Whether it’s for making music or recording a podcast, more people than ever are finding themselves in need of audio editing software. While you can spend hundreds of pounds on professional-grade tools, there are also plenty of budget-friendly options, including some great free audio editing software so you needn’t pay a penny.
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It’s worth noting that this list will include a mix of audio editors and digital audio workstations (DAWs), but we’ll try and flag what sort of features you can expect from each program. We’ve also thrown in a couple of cheap paid audio editors at the end of the list for anyone who’s happy to spend a little bit but doesn’t have the budget for full-featured pro software.
Any search for the best free audio editor is likely to turn up Audacity first, and for good reason. The open-source software is entirely free, runs on Windows, OS X, and Linux, and boasts a feature list to rival most of the paid options out there.
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You can use Audacity for both recording new audio and editing existing files, and the software supports multiple tracks and a variety of effects. Audacity also supports a wide range of formats and audio quality levels, for both importing and exporting, and is compatible with loads of third-party plugins to extend its functionality even further.
Despite all that power, Audacity’s interface is still pretty friendly, making it both accessible to audio amateurs and powerful enough for the pros, which is why it’s our pick for the best free audio editing software.
Truly the Ronseal of audio software, Free Audio Editor does what it says on the tin, and offers plenty of options along the way. You can use it to record audio through a microphone or simply to edit files using a variety of ready-made tools and filters.
How well you get on with the UI will depend on your preferences. Rather than burying options inside menus, Free Audio Editor puts most of its tools upfront. That means it can be initially daunting, but once you get to grips with it you’ll be able to access the features and effects you want much more quickly.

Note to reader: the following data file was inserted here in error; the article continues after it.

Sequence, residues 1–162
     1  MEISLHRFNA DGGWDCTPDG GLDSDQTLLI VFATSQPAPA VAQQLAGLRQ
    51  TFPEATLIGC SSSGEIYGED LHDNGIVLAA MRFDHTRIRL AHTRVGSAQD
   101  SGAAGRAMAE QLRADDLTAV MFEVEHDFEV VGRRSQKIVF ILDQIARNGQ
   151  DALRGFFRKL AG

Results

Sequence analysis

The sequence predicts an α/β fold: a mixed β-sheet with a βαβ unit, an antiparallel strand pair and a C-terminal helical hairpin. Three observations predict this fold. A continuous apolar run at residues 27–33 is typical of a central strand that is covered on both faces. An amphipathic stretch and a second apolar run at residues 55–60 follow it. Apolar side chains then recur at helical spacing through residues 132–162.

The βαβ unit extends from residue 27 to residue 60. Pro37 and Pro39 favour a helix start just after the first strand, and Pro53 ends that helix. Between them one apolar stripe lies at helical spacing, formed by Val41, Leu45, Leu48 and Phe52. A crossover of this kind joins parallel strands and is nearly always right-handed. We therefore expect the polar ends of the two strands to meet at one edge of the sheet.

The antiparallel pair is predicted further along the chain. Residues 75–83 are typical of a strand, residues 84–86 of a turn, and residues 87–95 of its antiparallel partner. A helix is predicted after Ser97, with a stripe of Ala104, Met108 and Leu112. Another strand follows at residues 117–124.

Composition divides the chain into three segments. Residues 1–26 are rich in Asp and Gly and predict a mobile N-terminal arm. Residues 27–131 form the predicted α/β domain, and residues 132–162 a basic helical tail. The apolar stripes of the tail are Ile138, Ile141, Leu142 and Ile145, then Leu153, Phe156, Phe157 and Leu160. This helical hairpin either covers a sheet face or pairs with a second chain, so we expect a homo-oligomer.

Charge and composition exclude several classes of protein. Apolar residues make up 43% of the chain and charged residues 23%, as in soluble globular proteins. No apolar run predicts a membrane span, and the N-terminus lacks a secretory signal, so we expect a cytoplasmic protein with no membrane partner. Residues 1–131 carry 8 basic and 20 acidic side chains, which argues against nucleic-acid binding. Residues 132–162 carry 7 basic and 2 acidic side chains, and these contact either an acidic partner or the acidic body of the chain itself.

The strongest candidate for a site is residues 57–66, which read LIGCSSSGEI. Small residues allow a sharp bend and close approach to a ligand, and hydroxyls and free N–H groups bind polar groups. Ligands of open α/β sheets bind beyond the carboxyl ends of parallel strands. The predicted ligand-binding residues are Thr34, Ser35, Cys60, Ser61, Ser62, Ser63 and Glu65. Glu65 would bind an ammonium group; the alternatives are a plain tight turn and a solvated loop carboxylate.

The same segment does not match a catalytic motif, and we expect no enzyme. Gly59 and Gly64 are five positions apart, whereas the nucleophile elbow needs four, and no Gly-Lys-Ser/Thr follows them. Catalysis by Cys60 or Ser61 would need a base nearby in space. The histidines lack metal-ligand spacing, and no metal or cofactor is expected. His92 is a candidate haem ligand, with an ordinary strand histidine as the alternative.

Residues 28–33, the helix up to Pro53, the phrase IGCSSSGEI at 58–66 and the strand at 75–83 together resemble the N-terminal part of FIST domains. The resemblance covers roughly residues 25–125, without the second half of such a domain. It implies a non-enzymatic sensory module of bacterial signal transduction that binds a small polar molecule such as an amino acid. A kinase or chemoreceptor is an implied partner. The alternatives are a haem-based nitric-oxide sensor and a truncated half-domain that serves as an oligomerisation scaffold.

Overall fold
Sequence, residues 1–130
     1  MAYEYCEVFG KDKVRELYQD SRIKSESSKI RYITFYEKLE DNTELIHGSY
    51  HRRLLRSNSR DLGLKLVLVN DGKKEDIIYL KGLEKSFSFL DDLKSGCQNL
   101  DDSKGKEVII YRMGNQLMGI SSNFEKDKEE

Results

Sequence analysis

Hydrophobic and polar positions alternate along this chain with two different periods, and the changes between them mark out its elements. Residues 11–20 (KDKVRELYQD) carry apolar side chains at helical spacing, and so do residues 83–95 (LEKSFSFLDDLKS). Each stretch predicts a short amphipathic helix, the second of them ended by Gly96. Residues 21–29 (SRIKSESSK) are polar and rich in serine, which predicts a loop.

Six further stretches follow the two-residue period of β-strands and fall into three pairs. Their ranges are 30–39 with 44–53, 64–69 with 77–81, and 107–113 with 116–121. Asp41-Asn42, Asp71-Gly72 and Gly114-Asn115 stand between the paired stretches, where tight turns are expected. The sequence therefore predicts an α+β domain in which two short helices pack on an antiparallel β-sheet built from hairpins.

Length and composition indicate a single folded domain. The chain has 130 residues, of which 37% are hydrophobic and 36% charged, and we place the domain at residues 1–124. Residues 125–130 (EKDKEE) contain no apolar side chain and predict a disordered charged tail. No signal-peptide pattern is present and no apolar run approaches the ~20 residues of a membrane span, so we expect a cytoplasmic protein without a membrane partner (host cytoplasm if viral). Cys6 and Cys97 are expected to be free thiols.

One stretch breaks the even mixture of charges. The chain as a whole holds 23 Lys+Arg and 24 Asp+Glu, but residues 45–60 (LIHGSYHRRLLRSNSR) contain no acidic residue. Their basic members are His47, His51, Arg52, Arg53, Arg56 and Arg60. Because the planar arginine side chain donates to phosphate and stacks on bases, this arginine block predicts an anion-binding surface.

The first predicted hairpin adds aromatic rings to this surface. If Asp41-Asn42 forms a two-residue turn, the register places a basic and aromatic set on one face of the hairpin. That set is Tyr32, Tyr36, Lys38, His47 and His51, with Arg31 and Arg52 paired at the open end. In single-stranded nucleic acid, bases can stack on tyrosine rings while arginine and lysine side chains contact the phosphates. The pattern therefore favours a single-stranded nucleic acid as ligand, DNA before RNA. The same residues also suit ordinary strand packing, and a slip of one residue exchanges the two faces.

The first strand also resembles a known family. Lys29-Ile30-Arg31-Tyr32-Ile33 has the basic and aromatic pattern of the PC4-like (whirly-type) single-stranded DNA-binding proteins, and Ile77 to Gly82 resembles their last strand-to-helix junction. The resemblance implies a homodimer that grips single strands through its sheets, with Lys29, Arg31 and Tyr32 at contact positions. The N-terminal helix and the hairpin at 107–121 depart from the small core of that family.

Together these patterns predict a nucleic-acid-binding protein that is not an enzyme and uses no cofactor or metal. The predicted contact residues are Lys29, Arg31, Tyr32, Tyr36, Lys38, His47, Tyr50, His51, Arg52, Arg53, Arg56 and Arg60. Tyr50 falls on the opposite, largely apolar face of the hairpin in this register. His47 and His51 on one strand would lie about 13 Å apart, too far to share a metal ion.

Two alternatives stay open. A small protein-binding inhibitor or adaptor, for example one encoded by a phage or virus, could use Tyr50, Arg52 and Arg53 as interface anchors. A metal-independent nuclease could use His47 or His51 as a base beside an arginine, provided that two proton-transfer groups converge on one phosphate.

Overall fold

It’s worth noting one slight downside: the installer will do its best to make you install a few bits of third-party bloatware, so read every page closely and use the ‘custom installation’ options to remove all the extras you don’t want.
Soundtrap is most notable not for what it is, but for what it isn’t: a desktop app. That’s because Soundtrap is actually entirely cloud-based, running within a computer browser, or in the Android and iOS apps.
Designed primarily for musicians, it allows multiple users to collaborate online on projects, using Soundtrap’s tools to record and edit audio. It has a variety of loops and samples included, along with some virtual instruments to help you write new music wherever you are.
Of course, you don’t have to use Soundtrap for music, but if you’re hoping to use it to record podcasts or lectures, it’s worth bearing in mind that it will be limited by the memory capacity of your browser. That means you’re unlikely to be able to record continuous audio for longer than half an hour or so - any longer and you risk losing it all.
Soundtrap has two tiers of paid subscription options, but the free plan still gives you access to 720 loops, 151 instruments, and the ability to work on up to five projects at a time.
WavePad is a pretty solid free audio editor for Windows and iOS, let down mostly by the fact that a few features are locked and exclusive to the paid versions. There are a decent number of tools and effects in the free version, and an attractive UI, but it can’t quite match Audacity.
Still, where WavePad earns its edge is that it isn’t just available on your computer: it also comes with apps for iOS and Android. These are more powerful than you might expect for mobile audio editors, and have clearly been modelled closely on the main desktop application.
That in itself might be a good reason to pick WavePad as your desktop tool too - it means you can have a consistent experience across your devices, getting used to similar layouts, tools, and effects no matter where you’re working.